"As a physician and a patient, I wanted to be part of an organization dedicated to supporting research to find better treatments and a cure. Most importantly, I wanted to find a foundation that was fully dedicated to the PD community. I found all of that and more in MJFF."
Soania Mathur is a retired family physician living outside of Toronto, Ontario, and currently serves as a co-chair of the MJFF Patient Council. She was diagnosed with young-onset Parkinson's disease at 27. Twelve years later, she resigned her practice. Today she is a dedicated speaker, writer, educator and Parkinson's advocate.
Dr. Mathur is an active speaker in Canada and the United States at patient-directed conferences and often serves as a resource for education projects. She discusses the challenges of adjusting physically and emotionally to diagnosis and strategies available to patients to take charge of their lives and to live well with Parkinson's.
She is a member of The Brian Grant Foundation Advisory Board, is advisor to Parkinson's Movement North America and is on the medical advisory board for Parkinson's Canada, as well as Rock Steady Boxing in Toronto. She is also on the Program Committee for the 2016 World Parkinson Congress and the editorial board of the Journal of Parkinson's Disease. She was the sole contributor for the About.com Parkinson's website and is a regular contributor to Huffington Post.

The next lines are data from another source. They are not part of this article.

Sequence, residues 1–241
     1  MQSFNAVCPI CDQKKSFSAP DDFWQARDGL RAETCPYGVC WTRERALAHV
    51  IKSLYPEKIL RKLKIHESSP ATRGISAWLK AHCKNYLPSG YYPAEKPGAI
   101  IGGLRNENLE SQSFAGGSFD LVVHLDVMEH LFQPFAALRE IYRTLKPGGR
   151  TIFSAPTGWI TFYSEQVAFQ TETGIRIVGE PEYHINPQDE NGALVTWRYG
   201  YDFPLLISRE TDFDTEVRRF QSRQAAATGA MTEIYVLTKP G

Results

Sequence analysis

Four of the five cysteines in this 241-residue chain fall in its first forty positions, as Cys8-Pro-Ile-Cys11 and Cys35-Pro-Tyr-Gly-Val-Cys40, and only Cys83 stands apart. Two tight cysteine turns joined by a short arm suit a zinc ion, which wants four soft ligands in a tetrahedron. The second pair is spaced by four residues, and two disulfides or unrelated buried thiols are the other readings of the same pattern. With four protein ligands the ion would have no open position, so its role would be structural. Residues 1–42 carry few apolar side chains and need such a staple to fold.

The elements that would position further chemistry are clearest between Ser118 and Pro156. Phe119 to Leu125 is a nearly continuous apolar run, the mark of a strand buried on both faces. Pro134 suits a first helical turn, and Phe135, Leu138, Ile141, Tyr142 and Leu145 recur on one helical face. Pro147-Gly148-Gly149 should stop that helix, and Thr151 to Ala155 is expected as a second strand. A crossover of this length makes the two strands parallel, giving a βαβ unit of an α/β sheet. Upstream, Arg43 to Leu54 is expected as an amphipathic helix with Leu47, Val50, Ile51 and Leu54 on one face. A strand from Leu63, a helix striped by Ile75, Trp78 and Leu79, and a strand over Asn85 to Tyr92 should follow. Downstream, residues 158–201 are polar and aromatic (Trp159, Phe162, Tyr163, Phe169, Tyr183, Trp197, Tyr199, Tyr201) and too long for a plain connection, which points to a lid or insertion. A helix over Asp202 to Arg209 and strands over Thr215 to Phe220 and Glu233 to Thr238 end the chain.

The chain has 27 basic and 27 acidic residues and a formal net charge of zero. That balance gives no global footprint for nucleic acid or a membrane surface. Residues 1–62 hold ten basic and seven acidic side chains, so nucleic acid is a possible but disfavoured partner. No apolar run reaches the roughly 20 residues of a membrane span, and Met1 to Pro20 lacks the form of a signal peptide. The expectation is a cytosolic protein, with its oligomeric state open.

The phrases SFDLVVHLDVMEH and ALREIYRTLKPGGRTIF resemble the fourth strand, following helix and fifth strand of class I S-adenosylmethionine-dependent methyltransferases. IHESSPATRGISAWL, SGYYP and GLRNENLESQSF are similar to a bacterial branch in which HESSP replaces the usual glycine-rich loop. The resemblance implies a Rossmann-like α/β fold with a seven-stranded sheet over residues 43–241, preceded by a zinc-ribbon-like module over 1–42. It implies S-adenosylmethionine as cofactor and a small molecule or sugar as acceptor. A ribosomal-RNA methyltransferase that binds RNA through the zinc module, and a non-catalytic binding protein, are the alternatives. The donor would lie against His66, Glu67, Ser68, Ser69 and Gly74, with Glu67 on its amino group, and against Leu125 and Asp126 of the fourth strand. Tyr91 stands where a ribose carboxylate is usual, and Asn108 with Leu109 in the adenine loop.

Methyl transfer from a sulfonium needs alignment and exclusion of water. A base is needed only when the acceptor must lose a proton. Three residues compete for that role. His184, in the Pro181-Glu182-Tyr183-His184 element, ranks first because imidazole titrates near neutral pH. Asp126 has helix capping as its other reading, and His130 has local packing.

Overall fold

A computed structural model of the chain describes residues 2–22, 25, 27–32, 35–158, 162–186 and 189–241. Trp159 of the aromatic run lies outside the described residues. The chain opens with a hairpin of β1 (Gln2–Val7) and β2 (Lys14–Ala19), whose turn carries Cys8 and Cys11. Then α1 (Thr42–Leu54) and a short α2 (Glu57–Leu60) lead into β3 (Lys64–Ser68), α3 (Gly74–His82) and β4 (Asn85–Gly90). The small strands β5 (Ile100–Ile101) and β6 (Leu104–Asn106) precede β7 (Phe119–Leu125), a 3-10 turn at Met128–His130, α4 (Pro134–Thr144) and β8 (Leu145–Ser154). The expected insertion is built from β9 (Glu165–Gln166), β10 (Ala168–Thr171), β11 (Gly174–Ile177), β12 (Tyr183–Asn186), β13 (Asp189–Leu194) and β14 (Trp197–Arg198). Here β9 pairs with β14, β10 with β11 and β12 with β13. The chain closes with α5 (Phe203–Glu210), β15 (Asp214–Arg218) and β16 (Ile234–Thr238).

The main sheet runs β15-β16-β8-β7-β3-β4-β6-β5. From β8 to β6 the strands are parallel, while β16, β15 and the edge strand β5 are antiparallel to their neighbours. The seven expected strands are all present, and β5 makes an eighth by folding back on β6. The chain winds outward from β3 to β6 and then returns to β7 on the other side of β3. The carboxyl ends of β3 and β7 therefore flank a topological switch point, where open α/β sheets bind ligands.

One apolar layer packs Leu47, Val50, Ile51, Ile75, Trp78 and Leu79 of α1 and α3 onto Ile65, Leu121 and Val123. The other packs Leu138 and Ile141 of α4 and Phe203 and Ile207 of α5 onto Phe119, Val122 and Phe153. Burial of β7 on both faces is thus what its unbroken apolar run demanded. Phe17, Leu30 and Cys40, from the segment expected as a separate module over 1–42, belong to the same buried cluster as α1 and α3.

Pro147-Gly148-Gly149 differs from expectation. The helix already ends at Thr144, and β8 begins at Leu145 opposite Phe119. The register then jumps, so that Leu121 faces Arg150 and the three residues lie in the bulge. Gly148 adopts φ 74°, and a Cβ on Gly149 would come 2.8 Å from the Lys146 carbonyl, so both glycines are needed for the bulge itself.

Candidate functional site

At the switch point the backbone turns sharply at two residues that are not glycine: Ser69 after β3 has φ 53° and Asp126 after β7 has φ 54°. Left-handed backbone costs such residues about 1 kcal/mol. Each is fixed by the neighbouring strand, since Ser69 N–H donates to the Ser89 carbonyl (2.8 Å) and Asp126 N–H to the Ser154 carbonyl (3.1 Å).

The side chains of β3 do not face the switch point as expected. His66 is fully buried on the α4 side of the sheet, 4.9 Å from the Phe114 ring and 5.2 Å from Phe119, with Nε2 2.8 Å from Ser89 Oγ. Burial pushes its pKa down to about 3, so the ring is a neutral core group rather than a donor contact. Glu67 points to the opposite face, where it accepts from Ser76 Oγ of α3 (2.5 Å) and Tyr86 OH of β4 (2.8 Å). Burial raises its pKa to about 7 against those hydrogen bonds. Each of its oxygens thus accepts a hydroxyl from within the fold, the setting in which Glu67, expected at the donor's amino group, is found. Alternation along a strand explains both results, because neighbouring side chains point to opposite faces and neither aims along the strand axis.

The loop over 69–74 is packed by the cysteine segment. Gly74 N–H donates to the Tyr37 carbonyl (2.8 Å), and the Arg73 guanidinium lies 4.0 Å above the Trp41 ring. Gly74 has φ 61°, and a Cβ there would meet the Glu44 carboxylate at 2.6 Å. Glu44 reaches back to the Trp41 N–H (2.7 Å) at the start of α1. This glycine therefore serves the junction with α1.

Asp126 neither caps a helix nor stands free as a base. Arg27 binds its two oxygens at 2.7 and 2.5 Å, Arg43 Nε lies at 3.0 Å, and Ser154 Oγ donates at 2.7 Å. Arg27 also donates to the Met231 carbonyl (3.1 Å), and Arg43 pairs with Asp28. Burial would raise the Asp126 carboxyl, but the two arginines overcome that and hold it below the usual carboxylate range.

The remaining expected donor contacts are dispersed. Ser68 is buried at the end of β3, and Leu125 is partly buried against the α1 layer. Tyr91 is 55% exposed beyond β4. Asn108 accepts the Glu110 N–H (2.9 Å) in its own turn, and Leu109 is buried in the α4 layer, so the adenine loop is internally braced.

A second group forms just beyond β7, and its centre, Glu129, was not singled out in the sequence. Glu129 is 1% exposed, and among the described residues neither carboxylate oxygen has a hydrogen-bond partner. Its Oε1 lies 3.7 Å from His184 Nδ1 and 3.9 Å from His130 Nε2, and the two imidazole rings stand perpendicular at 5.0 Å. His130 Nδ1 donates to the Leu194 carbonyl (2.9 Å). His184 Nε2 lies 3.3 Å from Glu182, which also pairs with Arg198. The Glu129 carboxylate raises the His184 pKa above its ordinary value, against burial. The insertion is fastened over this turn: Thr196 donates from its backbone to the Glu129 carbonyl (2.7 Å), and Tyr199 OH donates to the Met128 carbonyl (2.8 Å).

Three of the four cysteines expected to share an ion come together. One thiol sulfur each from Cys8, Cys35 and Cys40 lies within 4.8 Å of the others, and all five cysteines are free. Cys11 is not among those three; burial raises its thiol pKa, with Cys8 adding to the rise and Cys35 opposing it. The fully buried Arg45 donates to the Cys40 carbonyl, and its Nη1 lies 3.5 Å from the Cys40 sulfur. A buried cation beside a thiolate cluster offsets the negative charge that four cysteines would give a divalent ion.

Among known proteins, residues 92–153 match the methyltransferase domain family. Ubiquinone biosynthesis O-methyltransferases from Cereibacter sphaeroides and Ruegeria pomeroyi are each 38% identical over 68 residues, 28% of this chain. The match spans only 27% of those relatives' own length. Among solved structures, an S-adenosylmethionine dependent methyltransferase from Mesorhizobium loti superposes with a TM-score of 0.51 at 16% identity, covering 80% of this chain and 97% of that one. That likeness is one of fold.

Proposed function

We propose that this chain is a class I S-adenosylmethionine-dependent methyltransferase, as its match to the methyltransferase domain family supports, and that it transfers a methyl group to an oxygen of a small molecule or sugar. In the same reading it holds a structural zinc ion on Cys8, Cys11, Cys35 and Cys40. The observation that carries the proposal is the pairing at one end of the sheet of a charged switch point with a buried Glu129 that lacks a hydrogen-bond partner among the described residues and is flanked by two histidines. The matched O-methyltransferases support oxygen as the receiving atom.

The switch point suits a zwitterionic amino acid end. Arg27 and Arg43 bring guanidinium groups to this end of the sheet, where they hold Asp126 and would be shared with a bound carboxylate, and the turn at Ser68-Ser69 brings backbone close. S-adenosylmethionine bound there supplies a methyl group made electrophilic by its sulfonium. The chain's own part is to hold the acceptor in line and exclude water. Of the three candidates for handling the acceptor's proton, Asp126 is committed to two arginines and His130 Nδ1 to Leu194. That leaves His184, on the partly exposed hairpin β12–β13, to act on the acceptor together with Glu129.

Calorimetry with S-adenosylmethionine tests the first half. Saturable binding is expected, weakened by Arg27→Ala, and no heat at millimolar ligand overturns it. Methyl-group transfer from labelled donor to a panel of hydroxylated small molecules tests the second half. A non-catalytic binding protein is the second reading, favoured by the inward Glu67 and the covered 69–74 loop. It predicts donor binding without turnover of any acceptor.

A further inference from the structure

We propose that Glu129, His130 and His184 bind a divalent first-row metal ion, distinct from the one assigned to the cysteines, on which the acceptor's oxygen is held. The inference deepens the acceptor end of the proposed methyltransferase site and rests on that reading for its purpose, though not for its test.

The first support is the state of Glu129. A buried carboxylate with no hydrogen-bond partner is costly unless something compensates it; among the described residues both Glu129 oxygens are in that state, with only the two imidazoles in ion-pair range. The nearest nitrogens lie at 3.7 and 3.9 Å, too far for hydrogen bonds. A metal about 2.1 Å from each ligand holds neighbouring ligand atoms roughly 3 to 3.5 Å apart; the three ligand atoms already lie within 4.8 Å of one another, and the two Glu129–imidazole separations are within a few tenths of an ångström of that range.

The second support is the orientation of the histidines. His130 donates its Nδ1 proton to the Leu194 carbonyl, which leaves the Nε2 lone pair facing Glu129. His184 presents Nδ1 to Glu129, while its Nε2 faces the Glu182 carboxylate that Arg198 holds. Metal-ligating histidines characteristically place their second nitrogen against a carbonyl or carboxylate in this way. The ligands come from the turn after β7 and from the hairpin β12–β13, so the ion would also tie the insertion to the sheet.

Soania founded Designing A Cure Inc. to raise funds directed towards research and awareness of PD and to educate and inspire those living with this disease to live well with Parkinson's. Dr. Mathur has a special interest in helping educate the youngest affected by the stress of this chronic disease. To help facilitate dialogue between children and their loved ones, she has authored two books: "My Grandpa's Shaky Hands" and "Shaky Hands – A Kid's Guide To Parkinson's Disease." All proceeds from the sales of these books are donated to support Parkinson's research and other efforts that serve the PD community.
Soania lives with her three daughters and her husband, who is also a physician.
The MJFF Patient Council was established in March 2009 as a formal channel for the Foundation to solicit input from PD patients and the broader Parkinson's community. The Council advises the Foundation on programmatic fronts including (but not limited to) strategies to best convey patient priorities to the research community and its funders; content and emphasis for patient education and outreach relevant to MJFF's mission to find a cure; patient roles in developing novel ways to conduct research; and mechanisms for impact assessment.